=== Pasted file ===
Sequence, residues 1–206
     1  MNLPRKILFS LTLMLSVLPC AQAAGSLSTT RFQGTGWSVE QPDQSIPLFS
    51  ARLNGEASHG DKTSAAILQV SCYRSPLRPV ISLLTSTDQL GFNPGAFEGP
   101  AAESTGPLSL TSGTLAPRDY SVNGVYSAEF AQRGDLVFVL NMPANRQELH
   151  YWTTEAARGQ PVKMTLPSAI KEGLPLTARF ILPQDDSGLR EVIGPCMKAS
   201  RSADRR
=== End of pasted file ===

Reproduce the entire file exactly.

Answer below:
Sequence, residues 1–206
     1  MNLPRKILFS LTLMLSVLPC AQAAGSLSTT RFQGTGWSVE QPDQSIPLFS
    51  ARLNGEASHG DKTSAAILQV SCYRSPLRPV ISLLTSTDQL GFNPGAFEGP
   101  AAESTGPLSL TSGTLAPRDY SVNGVYSAEF AQRGDLVFVL NMPANRQELH
   151  YWTTEAARGQ PVKMTLPSAI KEGLPLTARF ILPQDDSGLR EVIGPCMKAS
   201  RSADRR